Maps to the Stars (Cronenberg, Wagner, 2014)
Is it Hollywood and the movie business that does strange things to people? Or do people with an inherent predilection to strangeness find themselves naturally drawn to the business? Whichever it is, doubtless filmdom has its share of loonies who can at once be sympathetic, sad, and pathetic. So, welcome to a movie packed with many cringeworthy moments that will have you turning away from the screen and, perhaps, having you thanking your lucky stars you aren’t a movie star.
The film opens with Agatha (Mia Wasikowska, playing mentally wounded beautifully) arriving in Beverly Hills. She pays for a limo, driven by Jerome (Robert Pattinson), a wannabe screenwriter. On the recommendation of Carrie Fisher (herself), whom Agatha has been Twittering, aging star Havana Segrand (Julianne Moore, winner of Cannes Best Actress award for her highly charged and riveting performance), hires her as her gofer.
Memories of her mother torment Havana, who remembers herself being abused by her mother. However, it becomes apparent that it’s more a case of living as an actress in the shadow of a mother who was a better actress that’s actually the root of Savana’s problems, which include hallucinating conversations with her mother. Dr. Stafford Weiss (John Cusack, a very convincing charlatan and hypocrite) treats her in some emotionally draining and unorthodox ways.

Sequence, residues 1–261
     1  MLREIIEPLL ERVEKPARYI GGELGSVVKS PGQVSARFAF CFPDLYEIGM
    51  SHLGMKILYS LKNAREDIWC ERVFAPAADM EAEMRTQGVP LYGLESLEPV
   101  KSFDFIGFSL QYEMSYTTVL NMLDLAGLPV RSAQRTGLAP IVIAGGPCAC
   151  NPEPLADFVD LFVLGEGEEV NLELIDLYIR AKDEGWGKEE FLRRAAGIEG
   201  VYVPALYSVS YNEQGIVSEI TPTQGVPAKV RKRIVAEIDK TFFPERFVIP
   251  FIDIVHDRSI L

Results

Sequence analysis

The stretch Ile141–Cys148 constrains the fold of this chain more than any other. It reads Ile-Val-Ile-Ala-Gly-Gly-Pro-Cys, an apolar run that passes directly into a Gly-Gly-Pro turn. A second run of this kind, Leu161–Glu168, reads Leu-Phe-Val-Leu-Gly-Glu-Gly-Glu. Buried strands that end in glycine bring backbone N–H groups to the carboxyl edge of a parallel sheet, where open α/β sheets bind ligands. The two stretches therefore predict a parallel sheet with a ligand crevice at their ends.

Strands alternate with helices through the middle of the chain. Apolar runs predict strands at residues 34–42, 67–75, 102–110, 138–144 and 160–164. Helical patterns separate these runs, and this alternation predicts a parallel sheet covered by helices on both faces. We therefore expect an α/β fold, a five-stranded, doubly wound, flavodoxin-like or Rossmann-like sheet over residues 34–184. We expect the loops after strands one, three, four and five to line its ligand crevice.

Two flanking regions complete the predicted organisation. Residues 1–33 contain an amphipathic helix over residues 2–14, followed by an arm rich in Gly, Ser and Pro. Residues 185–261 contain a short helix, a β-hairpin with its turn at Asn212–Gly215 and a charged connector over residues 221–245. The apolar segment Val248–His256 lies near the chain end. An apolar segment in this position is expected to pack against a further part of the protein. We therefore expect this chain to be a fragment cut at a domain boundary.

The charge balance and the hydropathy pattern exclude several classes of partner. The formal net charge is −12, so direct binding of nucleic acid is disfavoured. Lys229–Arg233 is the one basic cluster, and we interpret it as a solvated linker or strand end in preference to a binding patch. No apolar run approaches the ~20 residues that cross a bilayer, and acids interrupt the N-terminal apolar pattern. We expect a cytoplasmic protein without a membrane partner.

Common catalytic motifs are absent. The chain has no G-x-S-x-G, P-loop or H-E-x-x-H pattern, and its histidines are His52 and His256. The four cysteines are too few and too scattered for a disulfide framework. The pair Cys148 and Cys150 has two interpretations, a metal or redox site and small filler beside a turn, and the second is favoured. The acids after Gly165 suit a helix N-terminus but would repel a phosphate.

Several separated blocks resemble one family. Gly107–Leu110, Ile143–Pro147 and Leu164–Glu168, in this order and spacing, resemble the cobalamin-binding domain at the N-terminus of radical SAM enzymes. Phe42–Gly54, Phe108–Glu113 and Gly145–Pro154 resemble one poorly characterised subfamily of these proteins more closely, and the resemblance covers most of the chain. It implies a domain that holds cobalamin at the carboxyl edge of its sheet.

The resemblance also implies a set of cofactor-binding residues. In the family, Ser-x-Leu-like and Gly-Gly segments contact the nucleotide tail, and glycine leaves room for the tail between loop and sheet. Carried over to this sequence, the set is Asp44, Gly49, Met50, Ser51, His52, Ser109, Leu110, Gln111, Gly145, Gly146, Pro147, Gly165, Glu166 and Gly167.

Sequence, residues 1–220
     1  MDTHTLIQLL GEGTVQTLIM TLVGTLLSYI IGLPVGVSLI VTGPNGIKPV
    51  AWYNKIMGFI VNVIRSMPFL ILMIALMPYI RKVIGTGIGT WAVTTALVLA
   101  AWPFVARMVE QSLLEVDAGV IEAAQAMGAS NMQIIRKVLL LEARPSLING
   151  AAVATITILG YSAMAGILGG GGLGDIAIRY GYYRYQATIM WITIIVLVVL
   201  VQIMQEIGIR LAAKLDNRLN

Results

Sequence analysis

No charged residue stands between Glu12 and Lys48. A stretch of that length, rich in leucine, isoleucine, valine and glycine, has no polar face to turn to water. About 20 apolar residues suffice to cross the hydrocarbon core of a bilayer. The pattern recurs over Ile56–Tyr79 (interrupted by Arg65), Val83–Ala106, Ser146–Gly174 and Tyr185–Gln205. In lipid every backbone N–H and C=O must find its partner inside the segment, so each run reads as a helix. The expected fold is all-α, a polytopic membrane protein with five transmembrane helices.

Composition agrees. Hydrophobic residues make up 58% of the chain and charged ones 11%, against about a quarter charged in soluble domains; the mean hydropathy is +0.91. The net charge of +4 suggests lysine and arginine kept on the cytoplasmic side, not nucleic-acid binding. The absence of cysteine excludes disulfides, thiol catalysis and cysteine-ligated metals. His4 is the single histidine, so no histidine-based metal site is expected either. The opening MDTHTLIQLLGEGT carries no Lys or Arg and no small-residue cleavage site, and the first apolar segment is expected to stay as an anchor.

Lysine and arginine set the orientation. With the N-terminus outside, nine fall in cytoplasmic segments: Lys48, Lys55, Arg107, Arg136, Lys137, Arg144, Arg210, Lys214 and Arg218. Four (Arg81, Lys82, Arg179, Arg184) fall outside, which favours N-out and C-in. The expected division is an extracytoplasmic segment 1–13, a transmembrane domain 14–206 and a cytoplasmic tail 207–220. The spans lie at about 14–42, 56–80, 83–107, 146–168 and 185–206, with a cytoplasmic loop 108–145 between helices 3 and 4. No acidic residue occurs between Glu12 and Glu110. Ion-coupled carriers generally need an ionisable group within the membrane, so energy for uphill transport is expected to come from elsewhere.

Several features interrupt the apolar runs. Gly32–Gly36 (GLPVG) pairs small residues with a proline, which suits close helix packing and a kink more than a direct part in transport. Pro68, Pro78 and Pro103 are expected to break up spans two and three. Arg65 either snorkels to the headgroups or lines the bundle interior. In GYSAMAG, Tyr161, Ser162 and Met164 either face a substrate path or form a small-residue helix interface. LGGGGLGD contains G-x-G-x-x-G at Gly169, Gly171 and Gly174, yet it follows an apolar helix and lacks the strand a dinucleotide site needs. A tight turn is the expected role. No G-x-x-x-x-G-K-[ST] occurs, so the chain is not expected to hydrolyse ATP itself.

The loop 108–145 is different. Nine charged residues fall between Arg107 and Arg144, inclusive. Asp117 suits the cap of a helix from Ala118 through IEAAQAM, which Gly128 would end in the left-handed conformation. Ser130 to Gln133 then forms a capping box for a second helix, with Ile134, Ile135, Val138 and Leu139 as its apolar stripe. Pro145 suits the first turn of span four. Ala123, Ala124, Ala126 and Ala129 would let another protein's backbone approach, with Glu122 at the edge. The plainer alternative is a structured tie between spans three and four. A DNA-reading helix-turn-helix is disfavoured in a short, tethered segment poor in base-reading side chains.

Also early in the film we meet teen Benjie Weiss (Evan Bird), a former child star, visiting a dying female fan in the hospital, a seemingly kind and empathetic fellow in the medical setting, who reveals the vileness of his character the moment he exits the hospital.
A film filled with twists and low-key but stunningly disturbing moments, it reveals little to say that Agatha is an ill girl, the daughter of the Weiss’s, who attempted to kill the entire family in a fire. She suffered disfiguring burns and found herself banished forever from the family. She claims to be cured of her psychosis and returned to seek the forgiveness of her parents and brother.
What viewers have here is an extremely sharp satire, a really sardonic look at Hollywood. Havana, for example, is a total basket case, subject to head-swinging mood changes, tortured by her own insecurity, and completely self-absorbed to the point of insensitivity to others, best exhibited by her agony over seeking the role of her mother in a remake of her mother’s famous movie, Stolen Waters. It proves stunning stuff, indeed. Benjie is a lost young soul, as taken with himself as Havana is with herself, but even lonelier; a teen without friends in a family that appears to value him for his fame and bankroll.
What viewers also have in this film is an engrossing and jump-out-of-your skin thriller. You’ll see scenes at which you will gasp; some you will barely be able to watch. And as for a happy ending, well, if you require green grass, flowers, and smiles at the conclusion of films, Map to the Stars may not be right for you. For people, however, who like to see the famous lampooned and who enjoy being scared out of their pants, have at it.
Watch the trailer here. w/c